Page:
Noise-canceling stethoscope built for battlefield

Tech Culture

U.S. Army acoustical engineers have developed a new stethoscope that can outperform its electronic predecessors by detecting a human heartbeat in intensely noisy environments, such as inside a military helicopter, according to LiveScience. The development could ultimately help doctors save lives on the battlefield, according to Adrianus Houtsma, an acoustical engineer at the U.S. Army Aeromedical Research Laboratory in Fort Rucker, Ala., who lead the research.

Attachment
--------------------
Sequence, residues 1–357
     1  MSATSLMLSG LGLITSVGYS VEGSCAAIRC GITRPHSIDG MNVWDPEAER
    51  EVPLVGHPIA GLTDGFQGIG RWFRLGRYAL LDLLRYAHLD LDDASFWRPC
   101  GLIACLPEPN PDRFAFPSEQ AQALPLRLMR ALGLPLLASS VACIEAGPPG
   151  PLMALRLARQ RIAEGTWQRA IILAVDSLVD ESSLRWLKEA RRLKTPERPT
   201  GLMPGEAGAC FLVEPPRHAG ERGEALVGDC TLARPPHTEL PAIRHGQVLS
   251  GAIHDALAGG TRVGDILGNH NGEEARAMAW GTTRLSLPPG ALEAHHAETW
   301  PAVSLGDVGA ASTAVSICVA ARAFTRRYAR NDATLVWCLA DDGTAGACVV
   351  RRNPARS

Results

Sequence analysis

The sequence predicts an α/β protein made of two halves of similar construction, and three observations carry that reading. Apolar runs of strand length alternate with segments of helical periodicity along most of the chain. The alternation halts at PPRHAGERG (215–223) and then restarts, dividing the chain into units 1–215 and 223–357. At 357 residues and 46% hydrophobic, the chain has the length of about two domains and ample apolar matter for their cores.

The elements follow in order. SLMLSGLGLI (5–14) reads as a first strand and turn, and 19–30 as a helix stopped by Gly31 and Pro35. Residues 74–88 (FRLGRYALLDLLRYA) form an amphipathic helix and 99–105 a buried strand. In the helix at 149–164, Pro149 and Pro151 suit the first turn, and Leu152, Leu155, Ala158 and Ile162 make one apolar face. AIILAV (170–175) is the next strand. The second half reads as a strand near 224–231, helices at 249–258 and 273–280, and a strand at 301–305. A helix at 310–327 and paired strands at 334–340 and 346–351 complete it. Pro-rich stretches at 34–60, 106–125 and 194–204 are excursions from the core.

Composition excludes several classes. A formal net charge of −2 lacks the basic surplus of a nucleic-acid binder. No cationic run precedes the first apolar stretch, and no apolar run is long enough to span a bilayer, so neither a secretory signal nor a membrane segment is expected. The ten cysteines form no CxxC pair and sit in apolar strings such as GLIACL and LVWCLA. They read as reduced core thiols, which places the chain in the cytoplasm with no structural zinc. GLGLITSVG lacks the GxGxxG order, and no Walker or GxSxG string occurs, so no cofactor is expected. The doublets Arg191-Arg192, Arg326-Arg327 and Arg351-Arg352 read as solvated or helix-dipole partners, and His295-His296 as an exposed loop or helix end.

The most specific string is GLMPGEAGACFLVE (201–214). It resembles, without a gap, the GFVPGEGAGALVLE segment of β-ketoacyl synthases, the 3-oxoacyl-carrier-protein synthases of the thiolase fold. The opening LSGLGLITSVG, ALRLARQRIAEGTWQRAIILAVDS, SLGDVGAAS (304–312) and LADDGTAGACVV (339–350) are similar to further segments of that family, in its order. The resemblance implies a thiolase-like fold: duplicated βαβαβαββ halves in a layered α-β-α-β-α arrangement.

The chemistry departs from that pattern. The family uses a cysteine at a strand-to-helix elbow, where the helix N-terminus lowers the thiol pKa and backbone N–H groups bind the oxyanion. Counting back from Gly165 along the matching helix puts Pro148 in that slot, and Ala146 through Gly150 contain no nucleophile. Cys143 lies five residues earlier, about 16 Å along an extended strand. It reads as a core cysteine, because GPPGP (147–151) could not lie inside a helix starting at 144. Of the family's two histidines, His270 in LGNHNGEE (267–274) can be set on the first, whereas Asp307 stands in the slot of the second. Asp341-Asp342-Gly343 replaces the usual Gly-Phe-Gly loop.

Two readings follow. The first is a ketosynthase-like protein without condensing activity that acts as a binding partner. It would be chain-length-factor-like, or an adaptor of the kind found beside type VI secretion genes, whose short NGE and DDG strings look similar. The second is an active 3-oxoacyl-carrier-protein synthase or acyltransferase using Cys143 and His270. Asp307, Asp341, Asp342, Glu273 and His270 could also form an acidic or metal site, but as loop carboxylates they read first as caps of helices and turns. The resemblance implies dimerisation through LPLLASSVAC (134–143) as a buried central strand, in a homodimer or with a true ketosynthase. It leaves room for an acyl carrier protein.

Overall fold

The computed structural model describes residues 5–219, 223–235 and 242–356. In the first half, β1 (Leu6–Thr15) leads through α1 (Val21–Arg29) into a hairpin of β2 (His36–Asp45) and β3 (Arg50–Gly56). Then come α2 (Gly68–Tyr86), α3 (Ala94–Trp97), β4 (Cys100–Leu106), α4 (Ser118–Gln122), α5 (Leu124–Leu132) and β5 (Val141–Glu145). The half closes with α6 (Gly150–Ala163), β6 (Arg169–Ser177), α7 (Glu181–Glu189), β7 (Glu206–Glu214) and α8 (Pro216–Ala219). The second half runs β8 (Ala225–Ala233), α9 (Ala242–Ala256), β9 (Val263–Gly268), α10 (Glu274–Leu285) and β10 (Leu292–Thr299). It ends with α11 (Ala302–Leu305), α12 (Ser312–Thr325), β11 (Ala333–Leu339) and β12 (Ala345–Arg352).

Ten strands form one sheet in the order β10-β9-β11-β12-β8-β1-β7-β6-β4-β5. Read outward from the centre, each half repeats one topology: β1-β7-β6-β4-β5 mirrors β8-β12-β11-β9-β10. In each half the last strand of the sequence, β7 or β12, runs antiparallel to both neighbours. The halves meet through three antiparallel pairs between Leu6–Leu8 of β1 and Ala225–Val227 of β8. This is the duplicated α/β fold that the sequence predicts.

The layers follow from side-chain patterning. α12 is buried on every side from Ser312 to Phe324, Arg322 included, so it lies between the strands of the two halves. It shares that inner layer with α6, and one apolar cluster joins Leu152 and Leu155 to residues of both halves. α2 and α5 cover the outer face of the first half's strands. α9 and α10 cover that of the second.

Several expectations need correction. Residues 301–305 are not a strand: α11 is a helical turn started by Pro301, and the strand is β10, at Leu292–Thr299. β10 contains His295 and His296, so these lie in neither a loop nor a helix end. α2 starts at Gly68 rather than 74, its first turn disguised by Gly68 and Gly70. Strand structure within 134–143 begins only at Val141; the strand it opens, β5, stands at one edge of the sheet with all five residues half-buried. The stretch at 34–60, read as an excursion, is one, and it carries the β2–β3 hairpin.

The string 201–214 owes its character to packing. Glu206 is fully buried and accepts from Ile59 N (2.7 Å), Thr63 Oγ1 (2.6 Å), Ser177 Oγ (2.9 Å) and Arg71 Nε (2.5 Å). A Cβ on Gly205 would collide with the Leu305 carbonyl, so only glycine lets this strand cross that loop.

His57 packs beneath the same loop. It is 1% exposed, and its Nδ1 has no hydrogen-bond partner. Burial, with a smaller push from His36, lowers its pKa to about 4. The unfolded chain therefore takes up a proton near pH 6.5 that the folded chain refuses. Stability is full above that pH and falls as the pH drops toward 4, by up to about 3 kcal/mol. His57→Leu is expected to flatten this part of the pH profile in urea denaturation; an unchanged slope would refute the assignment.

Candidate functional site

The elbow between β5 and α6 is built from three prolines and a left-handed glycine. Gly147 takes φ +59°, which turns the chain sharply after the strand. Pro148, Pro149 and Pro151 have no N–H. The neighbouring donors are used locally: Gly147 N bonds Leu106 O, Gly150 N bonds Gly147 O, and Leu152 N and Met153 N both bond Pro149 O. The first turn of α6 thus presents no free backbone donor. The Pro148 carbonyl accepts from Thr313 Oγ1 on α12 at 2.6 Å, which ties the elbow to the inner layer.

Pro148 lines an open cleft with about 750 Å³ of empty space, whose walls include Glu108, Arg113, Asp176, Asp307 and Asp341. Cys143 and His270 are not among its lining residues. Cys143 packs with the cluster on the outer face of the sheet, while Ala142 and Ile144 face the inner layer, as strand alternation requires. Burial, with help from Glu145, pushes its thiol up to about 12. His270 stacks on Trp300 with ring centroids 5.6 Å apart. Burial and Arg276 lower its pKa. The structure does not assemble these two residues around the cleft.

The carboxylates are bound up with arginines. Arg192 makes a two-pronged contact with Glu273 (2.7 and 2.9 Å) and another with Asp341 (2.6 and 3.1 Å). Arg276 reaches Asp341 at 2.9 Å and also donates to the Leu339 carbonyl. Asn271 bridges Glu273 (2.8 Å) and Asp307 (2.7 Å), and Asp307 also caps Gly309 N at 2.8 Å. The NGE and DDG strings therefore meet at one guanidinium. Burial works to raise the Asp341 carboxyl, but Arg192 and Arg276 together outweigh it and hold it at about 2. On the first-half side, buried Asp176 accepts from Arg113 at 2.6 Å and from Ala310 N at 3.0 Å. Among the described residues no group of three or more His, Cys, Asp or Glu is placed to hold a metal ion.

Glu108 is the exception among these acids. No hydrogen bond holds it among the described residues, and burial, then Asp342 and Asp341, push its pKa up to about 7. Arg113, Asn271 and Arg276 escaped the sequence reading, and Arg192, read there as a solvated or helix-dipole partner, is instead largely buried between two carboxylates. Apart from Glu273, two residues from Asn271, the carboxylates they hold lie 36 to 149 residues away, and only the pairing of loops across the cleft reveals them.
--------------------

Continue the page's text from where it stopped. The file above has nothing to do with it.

Unlike others before it, the new stethoscope has a special head that can generate ultrasound waves, or sound frequencies that can cancel out external noises as high as 120 decibels. Background noise on ambulances, helicopters or within crowds typically render electronic and traditional stethoscopes useless. But for the new device to work, researchers must ensure it does not generate emissions through the ultrasound waves that affect aircraft or other equipment, according to the report.

Houtsma plans to unveil his research this week in Honolulu at a meeting of the Acoustical Society of America and the Acoustical Society of Japan.

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